Working in harmony will almost always yield better results than constantly working at odds. Everyone can agree that Sales and Marketing are at their best when they work together, hand-in-glove style. Leaders of both business units are on the same page, working toward the same goals and on the same timeline. Conversely, when the relationship is contentious, there’s a lack of faith and respect toward each other, which is bound to yield subpar results that not only do each unit a disservice but the organization as well.
6 Steps to Enable Your Sales Team to Sell with Insight
Unless you’ve been living under a rock for the past few years, it should come as no surprise to you that buyer behavior has changed dramatically. I’ve come across a number of well-written research documents, such as Base One’s “2012 Buyersphere” report and Forbes Insight’s “The Rise of the Digital C-Suite” study, that highlight how this is playing out in the marketplace. Simply put, buyers are more educated, better prepared, and further along in their buying process when they engage sellers.
Dear Challenger: Sincerely yours, Willy Loman
In their article, The End of the Solution Sale, Matthew Dixon, Brent Adamson, and Nicholas Toman explain that there is no longer a need for salespeople to uncover customers’ needs because customers define solutions for themselves. They propose that salespeople “altogether change how they sell;” for example, deliver a teaching pitch that enlightens customers and tells them what they need and what they should do. The authors assure us with their research that this is how the new breed of successful salespeople win.
Solving “The Forgetting Curve” to Help You Execute Your Sales Strategy - Two powerful lessons in learning from the medical profession
Helping sales reps to recall and apply knowledge and skills would not only increase their effectiveness on the job, but also improve the ROI of your investment in training. To solve this issue, Richardson has partnered with Qstream to provide QuickCheck™.
Using a patent developed at Harvard Medical School, Qstream’s solution helps clients’ sales reps and other employees who go through training to retain what they’ve learned over a longer period of time through a series of weekly short quizzes that continue to jog the memories of the trainees and help them recall the necessary details when the time comes.
Lessons from the Gridiron: Do You Have the Right People to Execute Your New Sales Strategy?
After attending the recent Dreamforce conference in San Francisco, it was clear to me that there is no shortage of ideas and technologies for developing revolutionary sales strategies. Yet executing your sales strategy will be nearly impossible if there’s a big disconnect between the people you need to execute and the people you have today. Remember, you have to sustain performance today while you transform for tomorrow. You can only disrupt your organization so much in the process.
5 Commonly Overlooked Activities in Sales Effectiveness Budgeting
In case you haven’t noticed, summer vacation season has ended, football is back, and we’re all focused on closing our year out strong. Believe it or not, in a few weeks, we’ll be head down budgeting for 2013, trying to figure out our priorities and the investment required to deliver on these important initiatives. Although budgets are never set in stone and will ebb and flow over the year, it behooves us to cover our bases so that we don’t miss anything substantial.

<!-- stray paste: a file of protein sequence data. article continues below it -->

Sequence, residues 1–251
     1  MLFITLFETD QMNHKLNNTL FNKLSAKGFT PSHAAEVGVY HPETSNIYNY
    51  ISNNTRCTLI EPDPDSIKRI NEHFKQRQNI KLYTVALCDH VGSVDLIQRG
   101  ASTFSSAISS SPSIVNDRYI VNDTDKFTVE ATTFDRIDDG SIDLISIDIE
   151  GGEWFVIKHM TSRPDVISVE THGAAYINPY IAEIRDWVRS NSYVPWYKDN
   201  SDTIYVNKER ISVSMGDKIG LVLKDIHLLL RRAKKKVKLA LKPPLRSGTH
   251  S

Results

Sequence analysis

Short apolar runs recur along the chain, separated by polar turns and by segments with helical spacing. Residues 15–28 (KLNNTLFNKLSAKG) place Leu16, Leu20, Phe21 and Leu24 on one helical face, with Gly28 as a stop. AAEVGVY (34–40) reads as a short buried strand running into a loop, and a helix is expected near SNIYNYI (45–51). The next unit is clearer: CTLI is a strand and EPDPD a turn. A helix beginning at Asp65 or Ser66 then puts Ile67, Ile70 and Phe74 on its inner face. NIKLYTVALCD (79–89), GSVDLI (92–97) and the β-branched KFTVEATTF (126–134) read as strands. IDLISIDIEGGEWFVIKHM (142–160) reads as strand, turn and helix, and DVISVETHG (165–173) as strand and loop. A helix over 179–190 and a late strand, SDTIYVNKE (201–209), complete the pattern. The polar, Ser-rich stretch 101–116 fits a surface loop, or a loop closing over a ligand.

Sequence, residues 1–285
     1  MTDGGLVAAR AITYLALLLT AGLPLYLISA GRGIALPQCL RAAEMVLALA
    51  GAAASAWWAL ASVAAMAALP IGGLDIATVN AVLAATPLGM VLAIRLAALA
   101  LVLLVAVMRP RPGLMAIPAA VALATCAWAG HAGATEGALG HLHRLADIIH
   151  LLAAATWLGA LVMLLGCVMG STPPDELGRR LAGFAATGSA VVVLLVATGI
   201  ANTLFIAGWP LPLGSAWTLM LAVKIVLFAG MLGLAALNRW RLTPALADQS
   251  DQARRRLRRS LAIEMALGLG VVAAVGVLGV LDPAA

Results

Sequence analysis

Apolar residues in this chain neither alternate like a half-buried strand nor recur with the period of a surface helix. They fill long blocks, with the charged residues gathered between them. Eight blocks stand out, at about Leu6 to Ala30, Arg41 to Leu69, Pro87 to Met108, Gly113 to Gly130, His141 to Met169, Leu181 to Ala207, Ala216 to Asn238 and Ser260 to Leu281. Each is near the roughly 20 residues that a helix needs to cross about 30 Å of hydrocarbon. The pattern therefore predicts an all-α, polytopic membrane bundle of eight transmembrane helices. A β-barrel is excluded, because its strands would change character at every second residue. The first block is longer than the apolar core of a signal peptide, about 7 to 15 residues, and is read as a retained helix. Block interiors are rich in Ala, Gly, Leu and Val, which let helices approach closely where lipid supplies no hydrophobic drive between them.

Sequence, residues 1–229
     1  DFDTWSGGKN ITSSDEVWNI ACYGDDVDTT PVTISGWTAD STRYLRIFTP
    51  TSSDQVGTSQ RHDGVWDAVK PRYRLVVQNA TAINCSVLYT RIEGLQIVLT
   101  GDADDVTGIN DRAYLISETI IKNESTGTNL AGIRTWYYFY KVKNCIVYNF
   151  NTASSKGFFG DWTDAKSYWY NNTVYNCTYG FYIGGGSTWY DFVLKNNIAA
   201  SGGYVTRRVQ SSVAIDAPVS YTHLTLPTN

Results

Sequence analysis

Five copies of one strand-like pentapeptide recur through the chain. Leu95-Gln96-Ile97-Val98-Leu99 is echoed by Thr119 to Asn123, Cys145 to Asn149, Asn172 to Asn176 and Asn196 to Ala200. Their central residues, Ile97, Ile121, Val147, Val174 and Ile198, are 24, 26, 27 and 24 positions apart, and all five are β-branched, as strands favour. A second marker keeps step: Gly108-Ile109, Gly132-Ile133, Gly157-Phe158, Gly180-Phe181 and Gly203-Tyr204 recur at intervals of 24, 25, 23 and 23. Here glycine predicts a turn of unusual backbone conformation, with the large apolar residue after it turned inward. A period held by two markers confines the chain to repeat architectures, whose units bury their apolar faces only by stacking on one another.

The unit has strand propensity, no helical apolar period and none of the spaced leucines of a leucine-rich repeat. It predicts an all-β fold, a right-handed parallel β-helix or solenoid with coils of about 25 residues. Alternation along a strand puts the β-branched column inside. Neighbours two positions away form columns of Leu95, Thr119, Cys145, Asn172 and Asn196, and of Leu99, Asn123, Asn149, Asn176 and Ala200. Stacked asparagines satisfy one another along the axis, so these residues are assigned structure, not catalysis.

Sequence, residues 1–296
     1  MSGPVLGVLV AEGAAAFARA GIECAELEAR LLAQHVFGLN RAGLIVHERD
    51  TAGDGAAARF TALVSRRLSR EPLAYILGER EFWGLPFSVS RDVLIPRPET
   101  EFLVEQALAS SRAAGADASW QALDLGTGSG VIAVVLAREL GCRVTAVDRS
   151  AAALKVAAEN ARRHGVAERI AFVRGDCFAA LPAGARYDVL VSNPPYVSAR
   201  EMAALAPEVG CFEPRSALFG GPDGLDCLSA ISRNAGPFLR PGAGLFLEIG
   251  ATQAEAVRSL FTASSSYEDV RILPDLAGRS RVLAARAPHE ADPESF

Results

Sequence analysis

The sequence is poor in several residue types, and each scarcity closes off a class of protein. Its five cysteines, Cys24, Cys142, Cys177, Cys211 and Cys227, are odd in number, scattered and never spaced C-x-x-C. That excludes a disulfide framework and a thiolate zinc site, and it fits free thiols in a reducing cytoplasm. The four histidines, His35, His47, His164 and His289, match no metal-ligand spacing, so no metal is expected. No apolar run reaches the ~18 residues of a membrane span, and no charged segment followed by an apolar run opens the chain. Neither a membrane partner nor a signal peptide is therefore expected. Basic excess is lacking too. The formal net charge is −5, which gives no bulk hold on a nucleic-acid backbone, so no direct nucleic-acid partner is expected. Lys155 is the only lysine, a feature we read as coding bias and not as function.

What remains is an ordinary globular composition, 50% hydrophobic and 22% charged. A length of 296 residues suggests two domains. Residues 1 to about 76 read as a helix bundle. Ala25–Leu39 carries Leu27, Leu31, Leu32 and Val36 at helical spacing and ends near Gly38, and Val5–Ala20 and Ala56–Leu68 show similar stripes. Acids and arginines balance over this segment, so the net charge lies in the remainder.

I recently read a white paper by a competitor that I’ve long known and long respected. The paper reflected the influence of The Challenger Sale on this company’s sales methodology. The concept of “Challenger” has captured the interest of the mainstream press and social media and sounds appealing to many sales leaders who are looking for new ways to drive business in a slow growth economy. Several voices in our industry have argued against Challenger. My initial reaction was to recognize it as an approach that I didn’t buy into — live and let live. But the interest in Challenger that I have seen has spurred me to add my voice.
Content Marketing and Insight Selling - Companies Need to Become a Source of Ideas and Insights for their Customers to Add Value
Buyer behavior has changed, fueled not only by the economy but also the ever-available and increasing sophistication of online marketing and social media. Our clients recognize this and agree that they need to do something about it or risk not being heard by their customers.
Sales Reps Need to Earn Their Clients’ Trust — And Keep It
Trust is tough to build and easy to lose.
Buyers in the process of making a purchasing decision consider many factors, but none might be more important than trust. When hiring or renewing a contract with a product or service provider, a lack of trust can undermine any other variable and isn’t likely something that can be haggled over, such as price or delivery dates. This is especially true of large, long-cycle, complex sales typically found in sectors, such as financial and professional services, IT, HR, and accounting.